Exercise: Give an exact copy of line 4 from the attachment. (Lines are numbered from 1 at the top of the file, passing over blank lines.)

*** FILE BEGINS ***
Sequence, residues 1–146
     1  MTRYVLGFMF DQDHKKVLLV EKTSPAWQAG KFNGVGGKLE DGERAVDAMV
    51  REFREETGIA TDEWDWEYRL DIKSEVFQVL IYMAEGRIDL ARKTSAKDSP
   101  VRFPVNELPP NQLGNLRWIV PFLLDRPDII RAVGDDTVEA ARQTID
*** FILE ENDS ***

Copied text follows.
   101  VRFPVNELPP NQLGNLRWIV PFLLDRPDII RAVGDDTVEA ARQTID